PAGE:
Whether this is a bug in nginx, tomcat, your application, or the interaction of any combination of the above, would probably be a discussion for another forum, but for now, let's consider what would be the best solution:

Can you post your nginx configuration? Specifically, if you're using keepalive and a non-default value of proxy_http_version within nginx? – cnst 1 hour ago

@cnst I'm using proxy_http_version 1.1 and keepalive 100 – Kohei Nozaki 1 hour ago

As per an earlier answer to an unrelated question here on SO, yet sharing the configuration parameters as above, you might want to reconsider the reasons behind your use of the keepalive functionality between the front-end load-balancer (e.g., nginx) and the backend application server (e.g., tomcat).

As per a keepalive explanation on ServerFault in the context of nginx, the keepalive functionality in the upstream context of nginx wasn't even supported until very-very recently in the nginx development years. Why? It's because there are very few valid scenarios for using keepalive when it's basically faster to establish a new connection than to wait for an existing one to become available:

  • When the latency between the client and the server is on the order of 50ms+, keepalive makes it possible to reuse the TCP and SSL credentials, resulting in a very significant speedup, because no extra roundtrips are required to get the connection ready for servicing the HTTP requests.

    This is why you should never disable keepalive between the client and nginx (controlled through in http, server and location contexts).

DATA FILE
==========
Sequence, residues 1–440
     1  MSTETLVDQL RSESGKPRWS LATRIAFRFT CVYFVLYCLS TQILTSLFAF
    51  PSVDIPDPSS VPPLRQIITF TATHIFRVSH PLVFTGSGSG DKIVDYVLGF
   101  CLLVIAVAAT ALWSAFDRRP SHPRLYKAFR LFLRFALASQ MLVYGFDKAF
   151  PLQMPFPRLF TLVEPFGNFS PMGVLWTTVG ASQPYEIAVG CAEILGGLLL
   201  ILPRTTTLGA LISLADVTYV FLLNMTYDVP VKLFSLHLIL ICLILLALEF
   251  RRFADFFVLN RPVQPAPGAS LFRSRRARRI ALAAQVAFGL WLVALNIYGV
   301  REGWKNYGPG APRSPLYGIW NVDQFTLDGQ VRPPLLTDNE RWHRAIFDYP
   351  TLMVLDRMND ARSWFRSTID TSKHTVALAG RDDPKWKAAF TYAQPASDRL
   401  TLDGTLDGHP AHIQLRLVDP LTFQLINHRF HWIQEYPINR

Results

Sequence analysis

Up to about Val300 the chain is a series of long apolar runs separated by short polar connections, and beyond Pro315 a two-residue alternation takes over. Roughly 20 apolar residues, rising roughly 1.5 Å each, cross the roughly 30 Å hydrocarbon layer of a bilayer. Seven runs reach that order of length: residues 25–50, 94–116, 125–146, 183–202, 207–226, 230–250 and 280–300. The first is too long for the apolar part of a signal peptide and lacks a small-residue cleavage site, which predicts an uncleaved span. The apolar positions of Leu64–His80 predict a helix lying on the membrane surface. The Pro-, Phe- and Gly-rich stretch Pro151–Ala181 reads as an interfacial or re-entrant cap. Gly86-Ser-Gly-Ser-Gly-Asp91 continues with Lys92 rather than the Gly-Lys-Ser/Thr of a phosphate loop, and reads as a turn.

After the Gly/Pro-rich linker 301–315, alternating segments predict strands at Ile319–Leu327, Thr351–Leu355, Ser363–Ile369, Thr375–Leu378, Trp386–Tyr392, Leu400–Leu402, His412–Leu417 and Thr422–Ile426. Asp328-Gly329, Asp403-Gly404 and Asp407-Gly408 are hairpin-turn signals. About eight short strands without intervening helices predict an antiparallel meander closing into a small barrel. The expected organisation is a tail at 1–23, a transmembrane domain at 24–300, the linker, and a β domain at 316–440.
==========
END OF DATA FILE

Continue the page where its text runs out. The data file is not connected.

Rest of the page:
• But when the latency between the front-end proxy server and the backend application server is on the order of 1ms (0.001s), using keepalive is a recipe for chasing Heisenbugs without reaping any benefits, as the extra 1ms latency to establish a connection might as well be less than the 100ms latency of waiting for an existing connection to become available. (This is a gross oversimplification of connection handling, but it just shows you how extremely insignificant any possible benefits of the keepalive between the front-end load-balancer and the application server would be, provided both of them live in the same region.)

    This is why using in the upstream context is rarely a good idea, unless you really do need it, and have specifically verified that it produces the results you desire, given the points as above.

    (And, just to make it clear, these points are irrespective of what actual software you're using, so, even if you weren't experiencing the problems you experience with your combination of nginx and tomcat, I'd still recommend you not use keepalive between the load-balancer and the application server even if you decide to switch away from either or both of nginx and tomcat.)

My suggestion?

  • The problem wouldn't be reproducible with the default values of and

  • If your backend is within 5ms of front-end, you most certainly aren't even getting any benefits from modifying these directives in the first place, so, unless chasing Heisenbugs is your path, you might as well keep these specific settings at their most sensible defaults.

4 months ago

It turned out that the "sjsxp" library which JAX-WS RI v2.1.3 uses makes Tomcat behave this way. I tried a different version of JAX-WS RI (v2.1.7) which doesn't use the "sjsxp" library anymore and it solved the issue.

A very similar issue posted on Metro mailing list:

3 months ago